Understanding the Stages of Alzheimer’s

The 3 Stages of Alzheimer’s

According to the Alzheimer’s Association, Alzheimer’s affects more than 5 million Americans. In fact, this form of dementia is one of the leading causes of death for seniors, claiming more lives than breast cancer and prostate cancer. With such shockingly high statistics, it is essential to recognize the early signs of the degenerative disease and how it progresses.

Early-Stage

The early-stage of Alzheimer’s disease often go unnoticed because, for the most part, the affected person can still maintain their independence and seem to be doing okay. However, on the inside, they may be feeling that they are having issues with their memory and struggling with day-to-day activities.

Some early warning signs may include:

  • Forgetting recently learned information.
  • Asking repetitive questions.
  • Not knowing what the date or day of the week is.
  • Losing or misplacing items.
  • Trouble making plans.

Middle-Stage

The middle-stage tends to be the longest stage of Alzheimer’s, lasting for many years and often reaching a point where the affected individual requires more assistance and care. During this stage, signs and symptoms become more apparent as the brain continues to experience damage to its nerve cells.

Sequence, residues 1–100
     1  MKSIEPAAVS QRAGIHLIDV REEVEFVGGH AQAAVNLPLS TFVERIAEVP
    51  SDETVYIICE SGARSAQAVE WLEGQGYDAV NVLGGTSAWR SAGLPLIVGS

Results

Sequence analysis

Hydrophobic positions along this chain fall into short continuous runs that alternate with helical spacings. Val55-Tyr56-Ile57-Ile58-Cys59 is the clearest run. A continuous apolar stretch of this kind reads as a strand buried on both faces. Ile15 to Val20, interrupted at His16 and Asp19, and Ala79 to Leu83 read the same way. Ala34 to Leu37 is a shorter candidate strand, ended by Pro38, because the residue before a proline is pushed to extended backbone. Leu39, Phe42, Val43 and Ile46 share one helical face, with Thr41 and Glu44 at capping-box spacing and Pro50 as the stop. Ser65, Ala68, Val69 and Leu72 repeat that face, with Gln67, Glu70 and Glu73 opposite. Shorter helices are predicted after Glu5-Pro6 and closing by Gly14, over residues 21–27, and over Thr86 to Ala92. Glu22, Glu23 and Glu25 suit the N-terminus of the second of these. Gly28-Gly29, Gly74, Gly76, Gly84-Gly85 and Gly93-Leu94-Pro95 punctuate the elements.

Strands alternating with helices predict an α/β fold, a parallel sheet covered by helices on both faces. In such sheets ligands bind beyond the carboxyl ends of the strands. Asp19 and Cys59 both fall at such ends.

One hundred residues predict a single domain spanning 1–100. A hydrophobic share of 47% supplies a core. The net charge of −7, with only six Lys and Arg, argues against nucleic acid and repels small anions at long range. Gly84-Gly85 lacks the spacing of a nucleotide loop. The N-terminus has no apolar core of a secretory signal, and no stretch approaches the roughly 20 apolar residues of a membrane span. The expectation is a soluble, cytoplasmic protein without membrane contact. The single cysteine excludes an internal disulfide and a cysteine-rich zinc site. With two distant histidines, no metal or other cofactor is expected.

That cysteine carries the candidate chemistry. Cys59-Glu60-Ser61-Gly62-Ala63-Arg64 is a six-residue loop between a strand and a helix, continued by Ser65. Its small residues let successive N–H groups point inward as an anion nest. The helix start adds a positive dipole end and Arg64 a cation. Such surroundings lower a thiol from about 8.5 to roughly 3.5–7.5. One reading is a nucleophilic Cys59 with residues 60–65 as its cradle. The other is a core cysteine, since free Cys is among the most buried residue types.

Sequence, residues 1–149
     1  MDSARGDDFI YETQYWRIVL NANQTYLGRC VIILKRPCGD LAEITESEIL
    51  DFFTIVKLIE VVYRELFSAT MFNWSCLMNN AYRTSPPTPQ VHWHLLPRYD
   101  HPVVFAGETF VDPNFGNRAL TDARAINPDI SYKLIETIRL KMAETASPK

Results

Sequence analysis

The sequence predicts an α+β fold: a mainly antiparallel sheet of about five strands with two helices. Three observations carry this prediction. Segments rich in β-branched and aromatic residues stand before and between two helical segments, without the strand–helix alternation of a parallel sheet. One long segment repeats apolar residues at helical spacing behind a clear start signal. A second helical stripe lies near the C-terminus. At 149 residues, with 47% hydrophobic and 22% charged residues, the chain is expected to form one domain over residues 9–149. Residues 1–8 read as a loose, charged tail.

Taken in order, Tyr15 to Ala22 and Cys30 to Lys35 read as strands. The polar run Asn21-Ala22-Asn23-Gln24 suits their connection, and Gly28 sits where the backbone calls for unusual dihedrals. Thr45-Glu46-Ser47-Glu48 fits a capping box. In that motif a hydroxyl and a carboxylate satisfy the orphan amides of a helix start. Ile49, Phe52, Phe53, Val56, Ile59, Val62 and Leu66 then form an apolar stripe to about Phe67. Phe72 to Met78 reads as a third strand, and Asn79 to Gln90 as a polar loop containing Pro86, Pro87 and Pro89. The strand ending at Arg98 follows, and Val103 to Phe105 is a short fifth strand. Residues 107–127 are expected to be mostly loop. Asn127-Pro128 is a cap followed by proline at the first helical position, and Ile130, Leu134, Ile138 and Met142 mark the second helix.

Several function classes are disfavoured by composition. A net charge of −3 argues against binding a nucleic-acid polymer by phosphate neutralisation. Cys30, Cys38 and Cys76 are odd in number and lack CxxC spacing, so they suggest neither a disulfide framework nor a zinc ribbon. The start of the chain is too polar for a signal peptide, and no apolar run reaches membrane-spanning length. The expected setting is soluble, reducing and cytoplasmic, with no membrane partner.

Symptoms may include:

  • Increased irritability and anger.
  • Forgetting events in their life.
  • Forgetting personal information like their address, phone number, or where they went to school.
  • Not dressing appropriately for the season.
  • Trouble controlling their bladder and bowels.
  • Behavioral changes.

Late-Stage

The late-stage of Alzheimer’s is the last and most severe stage of the disease. During this stage, carrying on conversations becomes increasingly difficult because the affected individual has lost a majority of their memory and cognitive function. This also means that the affected individual is most likely in need of extensive care.

During this stage, symptoms typically include:

  • Loss of awareness of their surroundings.
  • Losing physical abilities like walking.
  • Difficulty expressing thoughts.
  • Increased vulnerability to infections.

Treatment in Ridgecrest, California

At Ridgecrest Regional Hospital, our team of trained professionals are dedicated to providing services with maximum independence and dignity to seniors of the Indian Wells Valley and the Rand District with Kern County. To learn more about our senior services or schedule an appointment, visit our website or give us a call at (760) 446-3551.